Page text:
Spring cleaning has started. Not spring quite yet, but if you do not take advantage of the mood, “the cleaning mood,” it will never get done.
So here I am in my closet and having to separate myself from some of my clothes. Well, I do not have to tell you; it is excruciatingly painful. It should not be, and that is what puzzles me.
I am not a rat-packer. I do not even have a junk drawer for Pete’s sake! Known to purge continually and any useless papers, they have the perfect place in the trash bin.
Anything too old or too used is gone—no mercy what’s so ever. But my clothes, that is another beast.
Maybe part of it is because I am not a shopper and when I shop I have a tendency to, no, I always buy very classic. You will not find any overnight fashion items in my closet. Why spend the money on something that only will last a season, when with the same amount I can buy something classic that I can wear years to come?
Maybe that is my problem. I buy too classic, and I do not realize how long I wear my clothes.
Here, I am, standing in the middle of the closet and starting by sorting and pulling out the pants that not only I have not worn in a while, and I know they will not fit me anymore. Fear settled in thinking that all my pants will be gone. With one swoop movement, I decided to move to the other closet. I am lucky to have two closets.
Truth to be known here, I am clearing a closet that I have not to declutter in years. With no exaggeration, I believe it was years and years ago. As I said earlier, I do not shop just to shop but only when I am in need of something. And since I always fluctuate in the same range weight-wise, I never needed to do a spring cleaning.
As I start to pull my clothes out, I am reminiscing when I purchased them and why. I have a serious relationship with my clothes. As I go through each piece ( Dior, Victor Costa, Piazza Sempione, Max Mara, St John, and much more,) I realized that I used to dress to kill. And I have not even started with the evening attire yet. Yes, I had places to wear them.
I can trace most of it back, and so do the clothes to when I lived in California. Dressing and looking professional was very important to me. Simple elegance, mostly black, but very classic. Skirts that were just above the knee. Tops and sweaters that I could still wear today if I lose all the pounds that 25 plus years, two pregnancies have added to my body. Moving to Arizona, where a more laissez-aller attitude is perfected and casual wear is a norm, my dressing has slowly declined. As my work has changed and I only attend the occasional trade shows, I started less wearing what made me feel great inside and out but fall into a more casual leisurely wear—something that I enjoy but with a classic undertone as well.
I keep asking myself the same question over and over; why am I so attached to my clothes? After days of negating it to myself, the answers were right there. In front of me. Two significant factors that have shaped how I dress and how I shop.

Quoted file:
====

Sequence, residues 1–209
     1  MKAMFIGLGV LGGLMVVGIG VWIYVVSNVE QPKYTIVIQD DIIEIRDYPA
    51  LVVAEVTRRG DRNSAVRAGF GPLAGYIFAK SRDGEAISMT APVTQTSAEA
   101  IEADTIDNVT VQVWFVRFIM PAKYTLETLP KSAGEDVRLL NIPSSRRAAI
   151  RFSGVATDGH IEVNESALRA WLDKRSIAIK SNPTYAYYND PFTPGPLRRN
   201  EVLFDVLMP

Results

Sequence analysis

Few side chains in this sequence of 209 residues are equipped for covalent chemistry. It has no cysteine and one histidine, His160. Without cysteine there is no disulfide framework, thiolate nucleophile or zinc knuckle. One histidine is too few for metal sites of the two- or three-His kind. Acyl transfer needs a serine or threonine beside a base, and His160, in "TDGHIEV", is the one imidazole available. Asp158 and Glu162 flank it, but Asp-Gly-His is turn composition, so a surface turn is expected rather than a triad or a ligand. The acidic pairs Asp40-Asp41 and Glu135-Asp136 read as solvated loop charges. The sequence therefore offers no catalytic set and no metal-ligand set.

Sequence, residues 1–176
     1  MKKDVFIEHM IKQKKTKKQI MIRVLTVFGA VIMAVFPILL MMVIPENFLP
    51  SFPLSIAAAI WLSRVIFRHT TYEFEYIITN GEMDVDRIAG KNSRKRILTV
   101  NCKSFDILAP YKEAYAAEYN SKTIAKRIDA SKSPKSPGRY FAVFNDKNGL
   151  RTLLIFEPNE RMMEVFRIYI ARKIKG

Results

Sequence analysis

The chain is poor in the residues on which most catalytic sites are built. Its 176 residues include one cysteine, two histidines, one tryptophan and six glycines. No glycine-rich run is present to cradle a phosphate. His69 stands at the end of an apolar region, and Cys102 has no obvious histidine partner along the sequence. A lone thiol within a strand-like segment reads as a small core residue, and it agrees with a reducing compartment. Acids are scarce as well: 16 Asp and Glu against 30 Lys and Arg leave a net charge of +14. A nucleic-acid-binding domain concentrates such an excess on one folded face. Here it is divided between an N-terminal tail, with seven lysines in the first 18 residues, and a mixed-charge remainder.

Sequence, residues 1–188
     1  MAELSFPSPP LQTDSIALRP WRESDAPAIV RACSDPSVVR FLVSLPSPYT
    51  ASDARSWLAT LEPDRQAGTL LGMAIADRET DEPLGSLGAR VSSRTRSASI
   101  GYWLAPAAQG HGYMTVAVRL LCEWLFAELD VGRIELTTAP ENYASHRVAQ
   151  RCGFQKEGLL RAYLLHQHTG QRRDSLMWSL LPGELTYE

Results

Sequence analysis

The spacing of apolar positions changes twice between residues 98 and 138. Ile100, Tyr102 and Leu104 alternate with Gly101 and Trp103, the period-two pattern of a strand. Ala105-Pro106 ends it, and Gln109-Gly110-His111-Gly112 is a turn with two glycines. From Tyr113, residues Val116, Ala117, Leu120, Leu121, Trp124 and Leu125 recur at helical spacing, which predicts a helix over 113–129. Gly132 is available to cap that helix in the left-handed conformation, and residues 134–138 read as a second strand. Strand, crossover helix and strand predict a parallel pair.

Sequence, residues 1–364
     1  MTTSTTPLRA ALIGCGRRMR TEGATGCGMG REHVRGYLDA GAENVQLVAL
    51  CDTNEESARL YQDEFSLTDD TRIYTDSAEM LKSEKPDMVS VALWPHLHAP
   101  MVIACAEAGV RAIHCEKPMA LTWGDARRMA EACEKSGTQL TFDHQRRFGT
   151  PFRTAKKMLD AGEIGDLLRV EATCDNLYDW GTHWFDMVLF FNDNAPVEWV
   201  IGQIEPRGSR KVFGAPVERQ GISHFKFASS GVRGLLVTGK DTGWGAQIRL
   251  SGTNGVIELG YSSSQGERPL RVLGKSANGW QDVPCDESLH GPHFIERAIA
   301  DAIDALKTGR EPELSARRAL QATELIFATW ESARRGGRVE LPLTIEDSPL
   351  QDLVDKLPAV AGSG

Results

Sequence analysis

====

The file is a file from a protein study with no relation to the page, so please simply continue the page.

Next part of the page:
Growing up in Paris, I had my first introduction to clothing and how to wear them. The subtle way that makes you very attractive. We dressed quite differently than in Italy, where I spent my summers. Strange how this may sound to you as you may be looking at a map and see how close those two countries are.
The French approach is subtle feminine, not over-sexy, comfort, personal style. You see the woman before you see the clothes she wears. Once we found our style, we tend to stick to it. That explains my closet and how I have dressed all my life. I have worn the same pieces for over 25 years, and you will never know. Adding a new belt, a scarf, and the articles are updated. Simplicity, elegant.
The Italian, on the other hand, have a more experimental approach to dressing. Statement pieces, colors, and nothing are holding them back. Dress more to impress. Furthermore, the latest season piece must be added to the garderobe. I am not experimental with colors and do not want what I wear to speak for me.
Italian clothes are beautiful; however, I never really felt comfortable shopping for or wearing them. Classic pants and sweaters are as far as I always went. I can tell you the story of a green suit that I had to wear in Italy, and as soon as it reached Paris landed in the back of the closet, never to be seen or worn again.
The other significant factor, living with my dad, was that he never took me shopping. The necessities, yes, that of course, but anything else was all Greek to him, and sometimes he did not like what I wanted or was worn at that time. Thus it was up to me to buy what I wanted. Did I mention no allowance, either? I had small jobs, and I loved the freedom it gave me to buy my clothes.
With caution, I would pick that cute white lace blouse or sweater or whatever else I had my heart set on it. Because I was making the purchase, it made each piece even more so unique.
My dad liked most of the clothing I bought. My mother was another story, and when she would visit, I would transfer all I purchased to my girlfriend’s house so she would not throw them away as she did on one of her surprise visits. Luckily for me, the building manager saw them in the garbage, took them home, washed and iron them, and gave them back to me when she knew she was gone.
I still have the same approach now, with the way I dress and with the way I buy, thus making it hard to separate myself from them. They tell the story, my story.
As spring cleaning is underway, a beautiful silver lining moment presented itself. I was able to show my son, who never know is mom other than with silver-white hair and the size I am now, that I did have a 22-inch waist. Yes, sirree!!